The vacuum breaker assembly is composed of a threaded brass cap with a hole for the stem, and a plated hollow barrel with threads at both ends. One end of the barrel threads to the steam boiler and one end threads to the brass cap. The two pieces were screwed very tightly together, so I had to put the brass cap into a vise in order to unscrew the barrel with a 17mm open-end wrench. Inside the hollow barrel are a plastic (delrin?) cylinder with a hole for the stem, the stem itself, and a rubber O-ring on the stem that fits into a depression in the plastic cylinder.

The cause of the problem was clear: there was a build-up of fine greenish residue inside the assembly. It appeared that the residue had partially coated the o-ring, keeping it from seating completely against the plastic seat. Residue on the stem and in the holes in the plastic cylinder and brass cap may also have caused the stem to hang up before fully seating.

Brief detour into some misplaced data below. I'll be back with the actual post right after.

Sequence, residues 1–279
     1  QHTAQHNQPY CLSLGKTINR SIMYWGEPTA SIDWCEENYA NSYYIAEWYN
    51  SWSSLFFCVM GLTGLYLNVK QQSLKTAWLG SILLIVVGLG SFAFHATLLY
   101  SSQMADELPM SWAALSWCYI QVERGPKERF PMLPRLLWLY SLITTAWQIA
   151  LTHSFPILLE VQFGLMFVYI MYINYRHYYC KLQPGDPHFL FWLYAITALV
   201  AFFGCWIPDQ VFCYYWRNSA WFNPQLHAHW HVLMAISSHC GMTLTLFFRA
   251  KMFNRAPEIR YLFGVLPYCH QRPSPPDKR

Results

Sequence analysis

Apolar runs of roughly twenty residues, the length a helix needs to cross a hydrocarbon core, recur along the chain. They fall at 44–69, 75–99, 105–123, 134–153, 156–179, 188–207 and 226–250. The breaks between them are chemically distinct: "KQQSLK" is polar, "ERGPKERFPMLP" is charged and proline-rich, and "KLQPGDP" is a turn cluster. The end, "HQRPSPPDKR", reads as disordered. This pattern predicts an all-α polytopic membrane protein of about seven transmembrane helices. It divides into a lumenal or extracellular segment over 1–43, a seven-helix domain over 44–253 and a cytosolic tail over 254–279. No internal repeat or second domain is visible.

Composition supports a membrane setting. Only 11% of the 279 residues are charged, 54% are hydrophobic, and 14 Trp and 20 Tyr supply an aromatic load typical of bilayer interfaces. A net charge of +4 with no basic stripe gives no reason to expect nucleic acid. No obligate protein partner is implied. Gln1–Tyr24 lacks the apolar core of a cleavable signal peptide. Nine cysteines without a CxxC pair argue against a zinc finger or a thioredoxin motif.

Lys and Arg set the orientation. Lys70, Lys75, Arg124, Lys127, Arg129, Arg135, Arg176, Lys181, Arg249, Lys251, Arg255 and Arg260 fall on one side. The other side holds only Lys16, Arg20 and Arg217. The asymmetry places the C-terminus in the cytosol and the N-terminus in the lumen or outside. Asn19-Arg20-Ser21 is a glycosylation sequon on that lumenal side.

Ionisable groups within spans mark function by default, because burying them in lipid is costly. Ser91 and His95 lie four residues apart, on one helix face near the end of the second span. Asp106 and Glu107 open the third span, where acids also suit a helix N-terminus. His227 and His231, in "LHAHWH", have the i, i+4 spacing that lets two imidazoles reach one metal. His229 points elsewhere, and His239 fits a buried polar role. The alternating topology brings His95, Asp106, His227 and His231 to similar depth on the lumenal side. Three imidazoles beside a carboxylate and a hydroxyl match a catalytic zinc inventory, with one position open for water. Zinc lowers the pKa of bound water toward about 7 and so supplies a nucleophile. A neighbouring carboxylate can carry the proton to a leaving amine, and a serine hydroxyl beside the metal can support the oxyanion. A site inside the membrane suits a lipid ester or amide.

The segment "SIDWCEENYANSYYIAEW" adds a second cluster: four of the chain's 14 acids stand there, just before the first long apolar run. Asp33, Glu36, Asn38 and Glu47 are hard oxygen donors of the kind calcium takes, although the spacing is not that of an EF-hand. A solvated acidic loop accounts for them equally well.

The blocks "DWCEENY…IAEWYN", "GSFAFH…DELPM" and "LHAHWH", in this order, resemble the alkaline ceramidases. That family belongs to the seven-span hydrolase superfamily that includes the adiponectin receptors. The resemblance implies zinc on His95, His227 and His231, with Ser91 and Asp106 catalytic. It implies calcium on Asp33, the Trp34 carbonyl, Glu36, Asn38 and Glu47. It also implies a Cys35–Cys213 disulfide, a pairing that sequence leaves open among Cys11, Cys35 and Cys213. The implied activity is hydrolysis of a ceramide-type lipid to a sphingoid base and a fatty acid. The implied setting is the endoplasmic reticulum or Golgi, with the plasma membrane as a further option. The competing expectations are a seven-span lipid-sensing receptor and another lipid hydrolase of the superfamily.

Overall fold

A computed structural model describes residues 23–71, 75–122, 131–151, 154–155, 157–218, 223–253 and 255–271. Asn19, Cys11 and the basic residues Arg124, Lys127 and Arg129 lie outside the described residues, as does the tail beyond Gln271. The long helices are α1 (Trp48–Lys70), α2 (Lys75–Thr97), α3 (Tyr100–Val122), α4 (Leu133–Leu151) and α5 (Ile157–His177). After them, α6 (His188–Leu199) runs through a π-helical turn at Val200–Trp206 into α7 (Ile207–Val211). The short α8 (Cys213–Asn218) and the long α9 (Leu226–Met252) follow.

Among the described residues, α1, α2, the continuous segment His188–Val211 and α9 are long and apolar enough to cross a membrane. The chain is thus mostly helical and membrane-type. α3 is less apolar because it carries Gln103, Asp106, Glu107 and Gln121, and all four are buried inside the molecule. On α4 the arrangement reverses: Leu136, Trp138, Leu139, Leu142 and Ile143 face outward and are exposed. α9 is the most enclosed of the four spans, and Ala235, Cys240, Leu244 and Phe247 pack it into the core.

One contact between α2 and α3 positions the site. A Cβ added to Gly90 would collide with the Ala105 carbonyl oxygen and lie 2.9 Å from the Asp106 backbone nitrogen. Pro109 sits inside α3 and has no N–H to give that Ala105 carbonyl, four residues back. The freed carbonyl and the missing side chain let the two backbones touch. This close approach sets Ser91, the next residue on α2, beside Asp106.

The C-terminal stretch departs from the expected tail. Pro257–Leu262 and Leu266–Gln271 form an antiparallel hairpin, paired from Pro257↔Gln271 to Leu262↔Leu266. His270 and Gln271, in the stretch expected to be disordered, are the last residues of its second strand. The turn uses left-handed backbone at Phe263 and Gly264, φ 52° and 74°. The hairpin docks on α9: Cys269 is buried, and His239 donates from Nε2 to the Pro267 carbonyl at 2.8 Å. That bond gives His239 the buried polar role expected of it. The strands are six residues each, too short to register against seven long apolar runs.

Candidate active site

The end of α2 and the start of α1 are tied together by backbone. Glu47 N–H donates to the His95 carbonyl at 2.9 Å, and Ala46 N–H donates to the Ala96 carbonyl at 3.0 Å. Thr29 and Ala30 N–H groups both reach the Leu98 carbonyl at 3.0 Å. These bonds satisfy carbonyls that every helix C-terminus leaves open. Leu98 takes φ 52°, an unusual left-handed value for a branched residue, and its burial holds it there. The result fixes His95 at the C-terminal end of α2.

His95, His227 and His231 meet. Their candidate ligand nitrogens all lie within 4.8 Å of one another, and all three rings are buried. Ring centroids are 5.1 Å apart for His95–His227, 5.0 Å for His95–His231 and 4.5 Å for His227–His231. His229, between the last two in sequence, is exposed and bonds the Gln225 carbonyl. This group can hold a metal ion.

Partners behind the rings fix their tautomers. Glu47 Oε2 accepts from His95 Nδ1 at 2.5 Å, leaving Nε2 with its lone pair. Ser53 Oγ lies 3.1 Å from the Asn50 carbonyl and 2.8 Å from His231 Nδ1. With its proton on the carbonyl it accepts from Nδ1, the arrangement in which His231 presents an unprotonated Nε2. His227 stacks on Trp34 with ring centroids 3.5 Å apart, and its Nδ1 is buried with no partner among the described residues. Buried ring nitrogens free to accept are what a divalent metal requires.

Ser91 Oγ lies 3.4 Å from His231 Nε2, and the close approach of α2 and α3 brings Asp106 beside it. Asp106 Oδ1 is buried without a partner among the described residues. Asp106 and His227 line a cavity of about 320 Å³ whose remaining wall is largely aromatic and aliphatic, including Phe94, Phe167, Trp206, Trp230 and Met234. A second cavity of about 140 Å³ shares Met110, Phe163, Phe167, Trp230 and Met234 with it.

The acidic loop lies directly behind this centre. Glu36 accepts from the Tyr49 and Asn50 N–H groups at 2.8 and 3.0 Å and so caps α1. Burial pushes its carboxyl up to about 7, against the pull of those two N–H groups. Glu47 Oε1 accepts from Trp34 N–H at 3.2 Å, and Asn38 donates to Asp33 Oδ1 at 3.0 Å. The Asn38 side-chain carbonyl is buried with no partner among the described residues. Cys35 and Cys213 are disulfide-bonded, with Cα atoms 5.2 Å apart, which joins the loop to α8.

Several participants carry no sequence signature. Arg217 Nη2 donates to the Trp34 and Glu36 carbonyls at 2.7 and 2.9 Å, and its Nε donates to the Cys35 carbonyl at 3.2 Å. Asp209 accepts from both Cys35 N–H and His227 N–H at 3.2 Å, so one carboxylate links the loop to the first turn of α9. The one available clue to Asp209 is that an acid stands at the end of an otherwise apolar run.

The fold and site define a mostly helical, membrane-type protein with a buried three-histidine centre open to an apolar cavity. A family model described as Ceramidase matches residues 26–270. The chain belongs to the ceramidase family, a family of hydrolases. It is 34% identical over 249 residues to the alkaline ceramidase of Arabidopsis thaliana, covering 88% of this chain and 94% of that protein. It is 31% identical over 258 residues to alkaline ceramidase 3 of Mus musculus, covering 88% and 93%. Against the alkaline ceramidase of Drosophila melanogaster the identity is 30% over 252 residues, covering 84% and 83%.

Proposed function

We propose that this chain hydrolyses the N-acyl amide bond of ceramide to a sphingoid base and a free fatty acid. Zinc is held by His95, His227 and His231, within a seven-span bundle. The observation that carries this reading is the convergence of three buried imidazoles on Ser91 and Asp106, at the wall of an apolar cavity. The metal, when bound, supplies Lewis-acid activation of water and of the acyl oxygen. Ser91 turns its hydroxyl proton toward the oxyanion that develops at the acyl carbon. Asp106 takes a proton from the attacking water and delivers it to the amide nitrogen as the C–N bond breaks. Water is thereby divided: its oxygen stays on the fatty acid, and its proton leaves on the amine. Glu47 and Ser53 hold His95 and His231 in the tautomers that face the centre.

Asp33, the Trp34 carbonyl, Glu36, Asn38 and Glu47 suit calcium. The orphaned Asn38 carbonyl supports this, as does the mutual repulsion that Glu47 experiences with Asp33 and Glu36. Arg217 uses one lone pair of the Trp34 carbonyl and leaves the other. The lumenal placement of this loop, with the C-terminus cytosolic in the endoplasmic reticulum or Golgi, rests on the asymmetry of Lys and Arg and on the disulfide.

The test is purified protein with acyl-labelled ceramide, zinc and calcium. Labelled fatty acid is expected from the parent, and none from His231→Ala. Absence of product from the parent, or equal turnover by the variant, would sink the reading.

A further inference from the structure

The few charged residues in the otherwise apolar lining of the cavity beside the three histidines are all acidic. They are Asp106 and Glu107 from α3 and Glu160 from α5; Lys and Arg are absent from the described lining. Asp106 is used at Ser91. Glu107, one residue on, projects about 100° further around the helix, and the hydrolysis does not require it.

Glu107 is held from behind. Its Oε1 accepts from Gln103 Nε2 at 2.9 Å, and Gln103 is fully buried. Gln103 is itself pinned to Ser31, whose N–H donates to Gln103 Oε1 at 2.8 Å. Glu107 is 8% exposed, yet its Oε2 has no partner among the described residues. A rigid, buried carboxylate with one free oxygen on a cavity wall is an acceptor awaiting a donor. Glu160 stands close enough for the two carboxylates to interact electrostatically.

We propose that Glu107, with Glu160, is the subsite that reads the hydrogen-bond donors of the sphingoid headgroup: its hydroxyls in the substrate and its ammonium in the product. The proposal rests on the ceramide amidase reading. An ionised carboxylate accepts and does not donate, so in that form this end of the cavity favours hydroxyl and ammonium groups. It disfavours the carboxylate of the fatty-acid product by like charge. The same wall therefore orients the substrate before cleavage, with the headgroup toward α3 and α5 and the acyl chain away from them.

Though only a very thin and dry coating, the residue looks suspiciously like the green "verdigris" found by Ken Fox and Shadowfax inside their GS/3 group heads. But since the steam and coffee systems are isolated from each other, I doubt that's where it came from. I think it may be the minerals that make up the alkalinity content of my cation-softened water (Ken has spoken of a fine powder left by his cation system.) I do wonder, however, if the greenish tint is caused by oxidation picked up from inside the tubes feeding the steam boiler. Conceivably, oxidation could have formed in the feed tubes while my "fire sale" machine sat in the Franke warehouse.

I took the valve assembly completely apart and soaked all the pieces in a solution of vinegar with a little salt. A few hours later the green stuff was gone. There was still a very thin coating inside the barrel and on the cap of the stem assembly, but I got most of that off with a combination of brushing and some copper cleaner. I thoroughly washed all the chemicals off the pieces before reassembly. I also put a very thin coat of food-grade lubricant on the O-ring and stem (and I mean very thin.)

After re-assembling the valve (used the vice again to make sure the two pieces were securely screwed together), I screwed it tightly back onto the steam boiler, closed up the machine and fired it up. After the machine came up temperature, there was no longer any hissing and sputtering.